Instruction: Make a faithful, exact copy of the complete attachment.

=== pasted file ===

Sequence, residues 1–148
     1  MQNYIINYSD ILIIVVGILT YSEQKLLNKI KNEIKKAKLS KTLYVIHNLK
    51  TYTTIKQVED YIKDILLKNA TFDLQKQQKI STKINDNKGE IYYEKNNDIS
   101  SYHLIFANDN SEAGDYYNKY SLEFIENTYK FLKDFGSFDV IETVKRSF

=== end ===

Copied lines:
Sequence, residues 1–148
     1  MQNYIINYSD ILIIVVGILT YSEQKLLNKI KNEIKKAKLS KTLYVIHNLK
    51  TYTTIKQVED YIKDILLKNA TFDLQKQQKI STKINDNKGE IYYEKNNDIS
   101  SYHLIFANDN SEAGDYYNKY SLEFIENTYK FLKDFGSFDV IETVKRSF